CDFW Proposed Trout Regulations – Comments due May 3, 2019
The California Department of Fish & Wildlife (CDFW) acknowledges that existing trout fishing regulations are too complex, with too many special regulations and exceptions to be easily understood. Many existing regulations are not adequately monitored for effectiveness or biologically-based. To address these issues, CDFW has begun a public hearing process to help revise and simplify trout fishing regulations statewide, and they are seeking public input on the proposed menu of regulation changes. California Trout is working with our members, fly clubs, guides, lodges, and other organizations to coordinate our feedback and comments to ensure the needs of wild fish and people are balanced in this process.
We need your voice to weigh in on the regulations and submit your comments online before the May 3rd deadline.
California Trout will be generally advocating for:
- A science-based approach that errs on the side of precaution in the absence of adequate monitoring and enforcement data
- Clear management objectives for different types of fisheries that can be met with specific regulations from the proposed menu (e.g. urban stocked waters vs. self-sustaining wild trout waters)
- Balance in opening up more generous seasons and harvest in select waters that can sustain it (e.g., those with heavy stocking) with regulations that adequately protect wild, self-sustaining fisheries that cannot (e.g., waters in Wilderness areas)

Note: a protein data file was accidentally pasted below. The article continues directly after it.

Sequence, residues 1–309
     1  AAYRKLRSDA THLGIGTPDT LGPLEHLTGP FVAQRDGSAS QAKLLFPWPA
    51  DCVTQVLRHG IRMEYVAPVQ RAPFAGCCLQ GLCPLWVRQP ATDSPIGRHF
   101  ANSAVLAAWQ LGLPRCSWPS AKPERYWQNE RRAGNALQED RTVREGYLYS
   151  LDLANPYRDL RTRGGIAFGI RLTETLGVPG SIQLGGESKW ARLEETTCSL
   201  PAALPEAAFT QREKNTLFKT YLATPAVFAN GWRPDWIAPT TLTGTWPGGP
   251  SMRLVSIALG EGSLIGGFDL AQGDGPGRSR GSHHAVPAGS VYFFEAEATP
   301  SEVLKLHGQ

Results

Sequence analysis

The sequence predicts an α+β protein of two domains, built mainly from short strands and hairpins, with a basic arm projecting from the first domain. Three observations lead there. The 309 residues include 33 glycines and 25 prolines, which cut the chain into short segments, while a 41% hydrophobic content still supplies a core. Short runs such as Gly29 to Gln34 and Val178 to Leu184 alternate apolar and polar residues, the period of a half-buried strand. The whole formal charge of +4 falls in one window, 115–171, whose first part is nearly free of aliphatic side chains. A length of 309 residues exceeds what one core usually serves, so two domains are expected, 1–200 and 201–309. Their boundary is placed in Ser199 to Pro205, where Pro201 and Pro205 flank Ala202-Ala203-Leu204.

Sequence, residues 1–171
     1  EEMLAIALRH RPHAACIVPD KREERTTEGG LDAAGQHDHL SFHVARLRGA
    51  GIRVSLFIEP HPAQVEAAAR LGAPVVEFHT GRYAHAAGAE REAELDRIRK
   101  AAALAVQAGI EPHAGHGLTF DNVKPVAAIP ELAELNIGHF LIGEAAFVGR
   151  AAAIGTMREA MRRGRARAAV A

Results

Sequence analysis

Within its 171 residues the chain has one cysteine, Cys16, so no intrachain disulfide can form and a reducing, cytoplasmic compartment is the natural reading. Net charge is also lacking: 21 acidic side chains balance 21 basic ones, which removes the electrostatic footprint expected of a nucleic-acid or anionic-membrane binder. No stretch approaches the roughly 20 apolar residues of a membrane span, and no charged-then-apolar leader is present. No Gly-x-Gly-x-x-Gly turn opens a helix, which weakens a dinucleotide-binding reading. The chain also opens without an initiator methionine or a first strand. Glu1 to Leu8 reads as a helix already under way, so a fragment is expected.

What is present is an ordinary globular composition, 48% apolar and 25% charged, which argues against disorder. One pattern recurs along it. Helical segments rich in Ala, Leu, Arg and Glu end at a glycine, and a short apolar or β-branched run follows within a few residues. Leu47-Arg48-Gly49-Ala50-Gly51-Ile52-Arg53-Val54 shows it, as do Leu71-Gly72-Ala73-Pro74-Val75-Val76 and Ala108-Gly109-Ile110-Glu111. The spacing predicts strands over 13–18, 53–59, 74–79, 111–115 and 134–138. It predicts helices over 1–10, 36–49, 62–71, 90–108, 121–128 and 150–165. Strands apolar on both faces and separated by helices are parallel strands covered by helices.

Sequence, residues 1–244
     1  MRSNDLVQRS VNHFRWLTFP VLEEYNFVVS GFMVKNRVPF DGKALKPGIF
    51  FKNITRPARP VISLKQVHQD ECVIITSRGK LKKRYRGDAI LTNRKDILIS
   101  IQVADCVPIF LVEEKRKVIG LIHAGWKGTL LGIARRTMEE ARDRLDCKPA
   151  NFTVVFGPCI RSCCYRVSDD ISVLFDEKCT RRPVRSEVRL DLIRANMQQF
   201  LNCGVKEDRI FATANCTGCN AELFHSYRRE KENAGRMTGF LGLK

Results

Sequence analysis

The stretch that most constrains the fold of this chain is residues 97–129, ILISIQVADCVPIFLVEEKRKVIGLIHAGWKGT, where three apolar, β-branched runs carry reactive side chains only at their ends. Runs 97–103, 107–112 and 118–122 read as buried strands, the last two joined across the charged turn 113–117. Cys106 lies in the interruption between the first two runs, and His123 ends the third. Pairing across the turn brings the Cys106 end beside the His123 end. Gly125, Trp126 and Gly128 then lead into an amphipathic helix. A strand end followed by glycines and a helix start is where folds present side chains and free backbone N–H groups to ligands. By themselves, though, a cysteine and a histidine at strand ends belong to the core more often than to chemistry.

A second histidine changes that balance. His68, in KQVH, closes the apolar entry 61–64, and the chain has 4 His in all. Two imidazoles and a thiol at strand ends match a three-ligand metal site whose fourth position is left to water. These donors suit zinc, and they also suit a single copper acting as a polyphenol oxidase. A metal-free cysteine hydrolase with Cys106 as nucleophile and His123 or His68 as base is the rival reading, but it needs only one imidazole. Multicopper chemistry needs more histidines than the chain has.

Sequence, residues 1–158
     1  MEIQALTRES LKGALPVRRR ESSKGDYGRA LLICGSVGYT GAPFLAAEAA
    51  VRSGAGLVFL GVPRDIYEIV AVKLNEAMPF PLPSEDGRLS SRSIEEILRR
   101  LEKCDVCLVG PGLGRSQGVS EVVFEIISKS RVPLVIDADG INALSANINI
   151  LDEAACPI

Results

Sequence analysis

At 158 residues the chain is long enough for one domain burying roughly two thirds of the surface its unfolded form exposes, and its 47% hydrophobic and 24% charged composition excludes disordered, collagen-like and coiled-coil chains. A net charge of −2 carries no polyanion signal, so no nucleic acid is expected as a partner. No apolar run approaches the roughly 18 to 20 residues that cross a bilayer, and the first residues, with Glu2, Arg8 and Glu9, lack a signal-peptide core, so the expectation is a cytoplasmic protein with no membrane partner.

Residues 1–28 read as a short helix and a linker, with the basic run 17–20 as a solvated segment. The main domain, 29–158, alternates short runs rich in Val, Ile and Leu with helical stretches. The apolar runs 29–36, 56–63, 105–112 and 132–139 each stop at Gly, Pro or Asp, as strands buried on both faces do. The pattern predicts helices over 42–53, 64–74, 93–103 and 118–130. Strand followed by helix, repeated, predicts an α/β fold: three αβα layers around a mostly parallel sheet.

- Conservative regulations to reduce impacts of fishing on native inland trout species in their native range
(you can copy/paste this comment to CDFW’s form under Statewide Regulation)
- Regionally-supported regulations that have buy-in from local communities of fishers, guides, lodges, and other associated businesses
- NO regulation changes to existing fly fishing-only waters
- NO regulation changes to formally designated Wild & Heritage Trout Waters or those on the candidate list for consideration
- NO harvest, barbless flies only for targeting trout species of special concern or those that are threatened
- Bag limits of 2 fish/day with 4 fish in possession limits for the Statewide Regulation
- Size slot limits to protect both small and very large mature fish to balance biological needs with harvest and opportunities to target trophy trout for the Statewide Regulation
Concerned about a Specific Waterway?
You can use California Trout and Trout Unlimited’s prepared recommendations below as a starting point to guide you. Personalized messages have greater impact.
California Department of Fish & Wildlife biologists across the state has worked to develop a suite of regulation options for trout waters to simplify angling regulations. Statewide outreach meetings were conducted to solicit public feedback on the proposed regulation changes, and public comments are still being accepted online. All stakeholder input will be taken into consideration as a regulation revision package is developed for formal public review through the California Fish and Game Commission, tentatively planned to begin at the August 7/8 2019 meeting at CDFW headquarters in Sacramento.